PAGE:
Microsoft is being forced to rely on third-party vendors to supply hardware for its own cloud services, a strategy that has allowed the company to expand its software business even more than competitors like Amazon.com Inc. and Google Inc. Microsoft is now building its own virtual-reality and augmented-reality apps on the cloud, but it’s only getting by with its own hardware.
Microsoft has been able to keep its own Windows-based business afloat, even as it tries to keep it leaner and smarter.
Microsoft’s software-and-services division, the company’s biggest revenue source, accounts for roughly 70% of the company.
Its operating-system business, however, has grown to $7.6 billion in revenue in fiscal 2016.
“The cloud is becoming the backbone of Microsoft’s future, and we have a real opportunity to grow it,” said John Smedley, a former top executive at Microsoft who has joined the venture capital firm Sequoia Capital, which is helping Microsoft raise funds.
“We have to make sure that we get this right, and it’s not just about our cloud-based products.
We have to be smart about where our revenues are going.”
That means Microsoft’s cloud services have become more complex than the hardware on which they were originally built.
Microsoft started using the term “cloud” in 2011 to refer to the company-owned, enterprise-grade infrastructure that powers the company and provides cloud computing and other services.
Microsoft now sells hardware that runs on its own, as well as some of its software that is sold through its cloud services.
Those are now considered part of the cloud business.
But Microsoft’s revenue from the cloud grew more than fivefold from $2.9 billion in fiscal 2012 to $18.9 million in fiscal 2019, according to data compiled by Thomson Reuters.
Microsoft says it is getting by on $6.2 billion in cloud revenue in 2019.
But its hardware revenue grew nearly threefold to $14.4 billion, making up nearly a third of its overall business.
The company has also been struggling to compete with Google’s cloud business, which has more than tripled in size in the past decade.
Google has grown by more than 100% in revenue to $2 trillion since 2012.
Microsoft, too, has been struggling, though its business has grown at a slower rate.
Its hardware revenue increased only 5% to $1.6 trillion, according in data compiled for Reuters by the research firm Gartner.
In fiscal 2019 Microsoft’s hardware revenue rose by 5% and software by 6%.
But that growth was offset by declines in both the company as a whole and in the business it built.
The business grew by 6% to almost $1 trillion in the first half of the year, while its software revenue dropped by 16%.
Microsoft’s share of the market for cloud computing services fell to 29% in fiscal 2018, from 37% in the year before.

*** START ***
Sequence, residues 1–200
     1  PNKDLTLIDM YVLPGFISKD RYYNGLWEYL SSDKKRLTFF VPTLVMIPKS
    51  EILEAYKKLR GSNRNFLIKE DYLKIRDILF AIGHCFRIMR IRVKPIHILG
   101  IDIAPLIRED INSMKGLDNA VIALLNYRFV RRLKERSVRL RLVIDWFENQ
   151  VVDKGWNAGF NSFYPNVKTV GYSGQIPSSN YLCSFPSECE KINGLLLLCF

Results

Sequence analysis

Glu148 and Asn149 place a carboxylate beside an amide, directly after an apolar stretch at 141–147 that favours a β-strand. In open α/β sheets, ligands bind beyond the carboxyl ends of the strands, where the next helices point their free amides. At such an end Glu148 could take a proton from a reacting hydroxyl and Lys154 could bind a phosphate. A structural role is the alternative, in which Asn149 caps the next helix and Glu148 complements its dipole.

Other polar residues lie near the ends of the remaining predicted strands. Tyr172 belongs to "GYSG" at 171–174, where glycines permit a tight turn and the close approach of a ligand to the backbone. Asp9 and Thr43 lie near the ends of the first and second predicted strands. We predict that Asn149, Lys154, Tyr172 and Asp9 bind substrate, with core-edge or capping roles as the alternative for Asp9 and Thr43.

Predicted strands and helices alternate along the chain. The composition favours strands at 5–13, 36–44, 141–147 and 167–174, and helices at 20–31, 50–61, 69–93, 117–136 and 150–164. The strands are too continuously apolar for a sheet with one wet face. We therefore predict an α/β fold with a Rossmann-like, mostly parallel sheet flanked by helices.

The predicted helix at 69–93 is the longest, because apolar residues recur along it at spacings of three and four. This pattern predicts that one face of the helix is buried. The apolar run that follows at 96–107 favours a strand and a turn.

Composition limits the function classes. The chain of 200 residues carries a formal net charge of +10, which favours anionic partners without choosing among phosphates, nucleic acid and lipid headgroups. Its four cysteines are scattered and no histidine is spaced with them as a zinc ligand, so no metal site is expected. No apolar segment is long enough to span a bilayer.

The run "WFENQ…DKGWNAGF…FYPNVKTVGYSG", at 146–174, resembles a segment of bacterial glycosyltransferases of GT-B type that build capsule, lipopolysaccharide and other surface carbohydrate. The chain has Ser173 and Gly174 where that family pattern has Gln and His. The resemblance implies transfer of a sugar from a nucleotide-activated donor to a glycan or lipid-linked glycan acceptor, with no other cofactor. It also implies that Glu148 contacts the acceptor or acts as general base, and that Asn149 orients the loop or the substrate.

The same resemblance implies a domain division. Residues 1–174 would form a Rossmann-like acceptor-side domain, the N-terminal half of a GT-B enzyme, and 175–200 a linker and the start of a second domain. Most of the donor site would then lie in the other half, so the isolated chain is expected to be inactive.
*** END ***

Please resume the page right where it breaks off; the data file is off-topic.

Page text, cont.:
Microsoft will have to figure out how to get by without that revenue growth.
Sales of the Windows-powered HoloLens augmented- and virtual- reality headset grew in the months before it was released last year.
The device is still in development, but Microsoft is targeting a late-2019 release.
But as Microsoft’s chief executive, Satya Nadella, and his team have struggled to figure it out, the devices have continued to be the most popular on the market.
Nadell said last week that the company had sold more HoloLens headsets in the fourth quarter than it did the first two quarters of the decade.
He didn’t say how many devices it had sold, though some of those devices are sold through Microsoft’s partners.
“You can’t get much more comfortable with a HoloLens than you are with a real device,” said Tim Cook, the Apple Inc. chief executive.
“I don’t think it’s a big deal that Microsoft’s doing well, because if you were in the market right now you’d probably have the HoloLens in your house.”
Microsoft is trying to move away from a reliance on hardware to create cloud services and away from relying on cloud services to build its own products.
It will be looking to expand those products in the coming months and years as it works to move beyond the Windows business and build a broader ecosystem of products that can be used across devices.
The shift to software and services also is expected to have an impact on how Microsoft handles its Windows 10 operating system, which launched in March.
It was supposed to help drive the company back into the cloud.
But many analysts say the company needs a new operating system to compete effectively with Amazon and Google.
The Windows 10 rollout has been slow, and the company has struggled to find an operating system that can match Apple’s iOS, which debuted in 2013.
That could force the company toward a shift toward software, said David Guggenheim, an analyst at the research group Guggin & Miller.